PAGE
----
But I got another education during my years here. I met people who were home from the Philipinnes, from Peru and Nicaragua. Religious and lay people, who talked about liberation. They talked about Oscar Romero, Nelson Mandela , the Sandinistas, the arms race and cruise missiles. I came to talks like this one, organised by the student union and college societies and realised that I was listening to people who were changing the world, who were devoting their lives to making it a better place. They were energetic, enthusiastic, passionate, they owned little or nothing, and they were happy. And they challenged us. What were we going to do with our college educations? Were we going to be part of the problem or part of the solution. I was inspired. I knew which side I wanted to be on.

The talks I came to raised one big question about the state of the world. Was there inequality and injustice in the world because the structures weren’t working properly. Or was there inequality and hunger in the world because of the structures. The more I listened the more I became convinced that the economics of capitalism and politics of imperialism that dominated the world were only ever going make the rich, richer , the poor, poorer. That the problems of unemployment, substance abuse, ill health, bad housing that effected peoples everyday lives all had political solutions.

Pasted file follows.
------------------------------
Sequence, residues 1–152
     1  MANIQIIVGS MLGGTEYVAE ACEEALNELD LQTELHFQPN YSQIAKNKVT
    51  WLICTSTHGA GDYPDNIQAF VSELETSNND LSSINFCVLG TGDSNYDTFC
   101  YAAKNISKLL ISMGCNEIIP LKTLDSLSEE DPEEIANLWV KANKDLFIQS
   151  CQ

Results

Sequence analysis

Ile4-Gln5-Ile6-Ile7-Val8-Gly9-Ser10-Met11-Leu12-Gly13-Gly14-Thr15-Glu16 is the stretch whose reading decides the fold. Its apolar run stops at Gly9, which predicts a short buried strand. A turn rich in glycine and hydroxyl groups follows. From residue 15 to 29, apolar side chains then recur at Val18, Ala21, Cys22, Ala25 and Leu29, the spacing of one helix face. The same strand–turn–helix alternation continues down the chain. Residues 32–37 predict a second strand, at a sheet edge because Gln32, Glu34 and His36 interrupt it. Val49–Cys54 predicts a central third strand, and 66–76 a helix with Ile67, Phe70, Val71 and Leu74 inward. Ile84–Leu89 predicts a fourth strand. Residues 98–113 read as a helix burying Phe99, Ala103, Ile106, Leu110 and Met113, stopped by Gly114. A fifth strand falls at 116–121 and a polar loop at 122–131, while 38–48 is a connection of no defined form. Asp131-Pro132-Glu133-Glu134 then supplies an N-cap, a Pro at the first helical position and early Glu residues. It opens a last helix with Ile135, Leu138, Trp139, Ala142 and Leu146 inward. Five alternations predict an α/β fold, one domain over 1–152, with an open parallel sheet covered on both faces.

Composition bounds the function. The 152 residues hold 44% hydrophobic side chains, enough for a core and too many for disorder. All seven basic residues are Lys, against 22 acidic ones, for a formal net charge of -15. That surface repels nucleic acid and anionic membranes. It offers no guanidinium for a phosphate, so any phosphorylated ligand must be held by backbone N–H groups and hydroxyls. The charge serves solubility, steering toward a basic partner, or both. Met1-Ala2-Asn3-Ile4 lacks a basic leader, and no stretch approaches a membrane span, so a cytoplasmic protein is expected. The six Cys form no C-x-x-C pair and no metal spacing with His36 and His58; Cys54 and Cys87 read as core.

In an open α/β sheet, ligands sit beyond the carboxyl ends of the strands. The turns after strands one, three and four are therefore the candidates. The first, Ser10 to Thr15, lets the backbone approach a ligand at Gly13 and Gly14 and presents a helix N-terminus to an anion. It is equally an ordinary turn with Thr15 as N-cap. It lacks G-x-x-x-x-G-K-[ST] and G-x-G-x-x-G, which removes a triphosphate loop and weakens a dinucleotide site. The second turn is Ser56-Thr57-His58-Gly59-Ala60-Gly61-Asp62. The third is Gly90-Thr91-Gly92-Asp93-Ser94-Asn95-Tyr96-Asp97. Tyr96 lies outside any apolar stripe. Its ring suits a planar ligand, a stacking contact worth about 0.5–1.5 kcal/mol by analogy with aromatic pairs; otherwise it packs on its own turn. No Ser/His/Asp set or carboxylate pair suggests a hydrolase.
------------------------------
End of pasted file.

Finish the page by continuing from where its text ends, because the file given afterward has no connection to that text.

30 years ago Irish people took to the streets of Derry, looking for civil rights. They weren’t asking the Dublin government for their rights, they were asking London. And London gave their answer.

In Dublin the Taoiseach wouldn’t stand idly by, Paddy Hillary said it was now the republic or nothing, Fine words, but there was no action.

Nationalists knew now that they were abandoned by the 26 county establishment. Hemmed in to areas, with hostile British troops on their streets. Loyalists filling the ranks of the UDR and RUC and unionists keeping the state Orange. People turned to Republicans for an answer.